Anti-Gay Policies

Any day now, the New Mexico Supreme Court may grant same-sex couples the right to get married.

At this point, such a ruling may not seem like such a big deal. Prior to last year's elections, gays and lesbians had a civil right to marry in only six states. Now, they have it in 16.

"This year represented the true tipping point," says Eric Marcus, author of Making Gay History. "We've reached a moment in history where it's very difficult, if not impossible, to go back."

As we wait for the Supreme Court to convene again at 10 a.m. ET and begin the second of two historic days of oral arguments focusing on legal issues surrounding same-sex marriage, there's a natural question:

Did Day 1 — a case about California's Proposition 8 ban on gay marriage — tell us much about how the justices will tackle Wednesday's case?

NPR's Nina Totenberg told us Tuesday that the short answer is no.

The Obama administration has filed a friend of the court brief urging the U.S. Supreme Court to strike down California's ban on gay marriage as a denial of "equal protection under the law." But the brief does not call for the abolition of all state bans on same-sex marriage.

The case now before the high court tests the constitutionality of California's Proposition 8, a referendum narrowly passed by voters in 2008 that reinstituted a ban on gay marriage.

Update: The Boy Scouts of America board delayed its vote on whether to end a ban on gay membership until May.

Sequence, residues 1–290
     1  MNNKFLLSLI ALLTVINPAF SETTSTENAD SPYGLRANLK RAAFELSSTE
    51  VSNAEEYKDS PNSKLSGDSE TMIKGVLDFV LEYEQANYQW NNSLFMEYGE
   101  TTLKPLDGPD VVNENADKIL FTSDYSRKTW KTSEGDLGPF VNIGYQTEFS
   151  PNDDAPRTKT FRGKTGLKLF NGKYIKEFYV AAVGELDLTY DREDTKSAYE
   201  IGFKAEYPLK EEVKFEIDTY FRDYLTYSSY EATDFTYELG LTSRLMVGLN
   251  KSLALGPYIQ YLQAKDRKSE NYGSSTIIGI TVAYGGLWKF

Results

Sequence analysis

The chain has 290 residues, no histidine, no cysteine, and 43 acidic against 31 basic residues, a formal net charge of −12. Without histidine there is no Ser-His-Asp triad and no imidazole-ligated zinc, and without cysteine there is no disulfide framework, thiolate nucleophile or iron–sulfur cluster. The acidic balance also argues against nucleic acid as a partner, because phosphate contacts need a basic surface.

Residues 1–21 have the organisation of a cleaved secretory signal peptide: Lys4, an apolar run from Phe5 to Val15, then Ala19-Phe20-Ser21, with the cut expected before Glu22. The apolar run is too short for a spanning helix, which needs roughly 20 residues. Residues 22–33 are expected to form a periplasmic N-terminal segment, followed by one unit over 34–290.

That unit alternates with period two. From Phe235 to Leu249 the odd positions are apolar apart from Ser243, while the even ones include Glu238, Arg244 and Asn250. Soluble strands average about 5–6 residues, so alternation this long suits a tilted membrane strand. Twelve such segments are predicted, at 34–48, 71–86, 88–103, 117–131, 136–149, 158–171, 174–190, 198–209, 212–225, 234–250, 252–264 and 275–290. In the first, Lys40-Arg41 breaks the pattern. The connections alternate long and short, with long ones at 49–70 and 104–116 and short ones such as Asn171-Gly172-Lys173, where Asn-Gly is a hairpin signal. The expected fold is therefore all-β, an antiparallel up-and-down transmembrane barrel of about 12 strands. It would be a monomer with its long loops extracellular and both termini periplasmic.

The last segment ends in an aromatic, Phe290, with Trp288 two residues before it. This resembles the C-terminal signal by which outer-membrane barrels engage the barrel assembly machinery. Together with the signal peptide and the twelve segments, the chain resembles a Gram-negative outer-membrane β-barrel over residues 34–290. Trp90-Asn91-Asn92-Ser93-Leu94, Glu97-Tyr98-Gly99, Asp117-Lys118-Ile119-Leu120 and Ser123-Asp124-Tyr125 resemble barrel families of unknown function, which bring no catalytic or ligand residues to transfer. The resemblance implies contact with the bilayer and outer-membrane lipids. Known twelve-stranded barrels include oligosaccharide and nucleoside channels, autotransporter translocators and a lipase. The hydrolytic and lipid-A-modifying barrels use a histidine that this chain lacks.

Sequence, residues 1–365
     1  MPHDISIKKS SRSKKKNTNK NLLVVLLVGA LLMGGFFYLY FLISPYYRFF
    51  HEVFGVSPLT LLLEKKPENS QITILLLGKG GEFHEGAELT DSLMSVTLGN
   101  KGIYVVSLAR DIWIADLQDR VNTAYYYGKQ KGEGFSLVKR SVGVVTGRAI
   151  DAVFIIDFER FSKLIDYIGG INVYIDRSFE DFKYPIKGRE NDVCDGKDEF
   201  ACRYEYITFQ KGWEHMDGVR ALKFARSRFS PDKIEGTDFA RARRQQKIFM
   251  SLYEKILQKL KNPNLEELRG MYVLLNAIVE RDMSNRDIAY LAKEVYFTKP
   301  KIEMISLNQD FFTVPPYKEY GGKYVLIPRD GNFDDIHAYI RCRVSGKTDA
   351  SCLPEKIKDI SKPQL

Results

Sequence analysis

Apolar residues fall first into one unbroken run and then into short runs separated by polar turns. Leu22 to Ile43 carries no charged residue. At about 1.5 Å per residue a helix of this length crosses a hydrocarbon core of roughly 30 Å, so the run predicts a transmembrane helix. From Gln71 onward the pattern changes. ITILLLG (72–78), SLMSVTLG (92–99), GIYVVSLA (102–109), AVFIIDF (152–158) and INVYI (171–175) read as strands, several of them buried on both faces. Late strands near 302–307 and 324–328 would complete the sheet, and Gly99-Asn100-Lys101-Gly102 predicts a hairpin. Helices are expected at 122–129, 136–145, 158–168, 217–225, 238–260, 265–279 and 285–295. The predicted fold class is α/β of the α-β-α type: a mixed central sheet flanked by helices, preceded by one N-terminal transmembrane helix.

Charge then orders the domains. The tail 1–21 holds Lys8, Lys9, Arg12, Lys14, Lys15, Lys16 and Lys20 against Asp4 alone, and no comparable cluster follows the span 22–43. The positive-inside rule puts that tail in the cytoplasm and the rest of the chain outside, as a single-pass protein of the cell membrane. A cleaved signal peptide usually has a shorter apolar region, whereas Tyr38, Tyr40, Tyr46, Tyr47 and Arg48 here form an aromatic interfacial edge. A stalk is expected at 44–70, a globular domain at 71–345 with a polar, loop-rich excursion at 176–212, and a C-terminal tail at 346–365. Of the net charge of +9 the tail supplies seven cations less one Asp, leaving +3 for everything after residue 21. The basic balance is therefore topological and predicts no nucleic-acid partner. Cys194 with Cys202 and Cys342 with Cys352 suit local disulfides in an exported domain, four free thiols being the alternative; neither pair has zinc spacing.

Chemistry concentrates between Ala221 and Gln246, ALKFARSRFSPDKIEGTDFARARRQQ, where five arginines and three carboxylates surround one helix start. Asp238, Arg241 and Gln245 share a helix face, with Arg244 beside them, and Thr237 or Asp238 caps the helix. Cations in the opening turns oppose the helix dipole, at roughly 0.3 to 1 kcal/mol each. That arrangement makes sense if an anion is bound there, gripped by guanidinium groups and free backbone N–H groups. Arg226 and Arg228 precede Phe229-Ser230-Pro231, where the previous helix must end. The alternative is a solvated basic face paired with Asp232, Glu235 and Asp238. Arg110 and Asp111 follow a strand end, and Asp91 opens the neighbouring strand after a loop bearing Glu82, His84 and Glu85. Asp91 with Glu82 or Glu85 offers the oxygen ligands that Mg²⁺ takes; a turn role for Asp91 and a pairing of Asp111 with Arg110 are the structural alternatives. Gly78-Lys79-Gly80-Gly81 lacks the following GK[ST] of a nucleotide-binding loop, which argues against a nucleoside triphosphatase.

Original Story (8:13 a.m.):More than 40 elected officials from across Texas have signed an open letter encouraging the Boy Scouts of America to maintain its current membership policy—which doesn’t allow gay members or scout masters.

Gov. Rick Perry made his stance on the issue clear last weekend. Now, lawmakers including Texas Agriculture Commissioner Todd Stapes are signing on to show their opposition to a change to the policy. A rally and prayer vigil at the Boy Scouts National headquarters in Irving has also been scheduled for this morning.

Boy Scout troops across the country could soon be able to decide for themselves whether to admit scout masters and troop members of all sexual orientations.

If the Boy Scouts of America leaves the decision up to individual troops, Austin could have troops with a variety of policies.

A search of troops in the Austin area shows many are sponsored by churches. A couple of the scout masters for those troops said they couldn’t talk about extending membership to boys and men of all sexual orientations until they got the okay from their sponsoring churches.